In this specific case, it's a Quaife torque biasing differential.

See: http://194.217.236.116/lotus/main.htm

click on "technical news" on the left hand side.
 

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I would order it. If it becomes available after I get my car, it won't affect me much anymore. I'll probably end up running SP anyway, which allows me to add an aftermarket LSD. But I would still like to see Pat (or anybody else) put the hurt on the Vettes in SS driving an Elise. ;)
 

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I would get it if...

1. It was a factory-installed option (per SCCA rules, like elise77 said).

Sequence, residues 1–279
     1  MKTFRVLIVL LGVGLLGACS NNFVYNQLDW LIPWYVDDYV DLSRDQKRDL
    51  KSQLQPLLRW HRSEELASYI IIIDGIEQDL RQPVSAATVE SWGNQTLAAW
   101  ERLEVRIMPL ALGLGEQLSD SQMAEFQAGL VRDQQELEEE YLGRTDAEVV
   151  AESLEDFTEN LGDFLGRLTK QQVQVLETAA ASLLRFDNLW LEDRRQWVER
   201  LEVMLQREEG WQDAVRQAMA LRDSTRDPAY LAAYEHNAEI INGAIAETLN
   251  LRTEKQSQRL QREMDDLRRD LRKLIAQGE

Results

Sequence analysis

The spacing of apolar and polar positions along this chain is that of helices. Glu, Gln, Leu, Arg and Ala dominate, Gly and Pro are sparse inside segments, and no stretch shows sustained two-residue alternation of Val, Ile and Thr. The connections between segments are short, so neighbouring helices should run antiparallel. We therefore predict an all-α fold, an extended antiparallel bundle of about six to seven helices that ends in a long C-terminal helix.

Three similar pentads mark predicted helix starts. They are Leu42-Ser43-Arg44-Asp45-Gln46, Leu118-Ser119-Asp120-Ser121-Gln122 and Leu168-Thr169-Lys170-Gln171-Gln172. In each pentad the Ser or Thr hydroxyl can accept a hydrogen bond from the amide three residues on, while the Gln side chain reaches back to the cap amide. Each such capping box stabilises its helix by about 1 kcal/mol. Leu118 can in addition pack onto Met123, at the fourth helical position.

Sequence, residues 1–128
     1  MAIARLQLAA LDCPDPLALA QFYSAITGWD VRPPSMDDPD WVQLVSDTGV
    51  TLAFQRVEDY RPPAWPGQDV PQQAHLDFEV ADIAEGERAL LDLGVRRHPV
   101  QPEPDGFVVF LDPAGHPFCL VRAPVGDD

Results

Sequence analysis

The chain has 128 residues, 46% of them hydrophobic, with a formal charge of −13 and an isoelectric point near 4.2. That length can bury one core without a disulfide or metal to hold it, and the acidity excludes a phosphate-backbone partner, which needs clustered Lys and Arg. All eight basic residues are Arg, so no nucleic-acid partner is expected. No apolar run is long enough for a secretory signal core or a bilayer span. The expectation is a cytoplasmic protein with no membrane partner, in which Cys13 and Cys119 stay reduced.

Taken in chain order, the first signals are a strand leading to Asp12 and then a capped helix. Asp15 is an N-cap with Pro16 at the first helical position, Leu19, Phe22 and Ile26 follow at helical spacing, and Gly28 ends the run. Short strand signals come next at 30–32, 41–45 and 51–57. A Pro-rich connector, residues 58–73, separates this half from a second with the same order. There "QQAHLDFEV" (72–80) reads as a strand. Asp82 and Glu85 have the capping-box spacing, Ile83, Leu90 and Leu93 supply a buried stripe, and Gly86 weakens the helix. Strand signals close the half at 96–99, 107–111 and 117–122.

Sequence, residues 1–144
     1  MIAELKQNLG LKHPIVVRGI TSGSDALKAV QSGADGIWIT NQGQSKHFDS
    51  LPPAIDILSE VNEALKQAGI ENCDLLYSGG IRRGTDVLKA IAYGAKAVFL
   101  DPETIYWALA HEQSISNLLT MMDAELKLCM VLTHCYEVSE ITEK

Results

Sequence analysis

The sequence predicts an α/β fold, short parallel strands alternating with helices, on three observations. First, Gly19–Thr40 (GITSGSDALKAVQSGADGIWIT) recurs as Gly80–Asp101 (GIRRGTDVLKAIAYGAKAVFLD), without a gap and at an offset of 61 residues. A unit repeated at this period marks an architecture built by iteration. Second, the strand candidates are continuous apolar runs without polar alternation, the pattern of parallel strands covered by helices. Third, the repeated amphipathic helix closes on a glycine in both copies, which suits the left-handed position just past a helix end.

2. It was a torsen-type LSD. I _have_ read that clutch-type diffs can have a negative impact on handling. IMHO, clutch-type diffs are only needed when you're lifting a wheel. I don't think we're going to be lifting a wheel completely off of the ground, so a torsen/quaife should be fine. These supposedly have less of an impact on high speed handling.


Like elise77 said, if such an option is ever offered, I would really hope to see it on the FIRST model year of production so that earlier first-year cars could install it and stay within SCCA stock rule set. Even if it's only offered in the last month of the model year, I think that would be enough. Nothing would bum out the early-adopter Elise autocrosser more than to have the next model year come with LSD from the factory.
 

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I am all for the LSD. Torsen would be nice, but I trust the Lotus engineers to put the best unit for the car in.

As stated, it would need to be a factory option, and I would backdate my car to make it legal. I plan on running stock class, so this is an important issue for us stock class guys.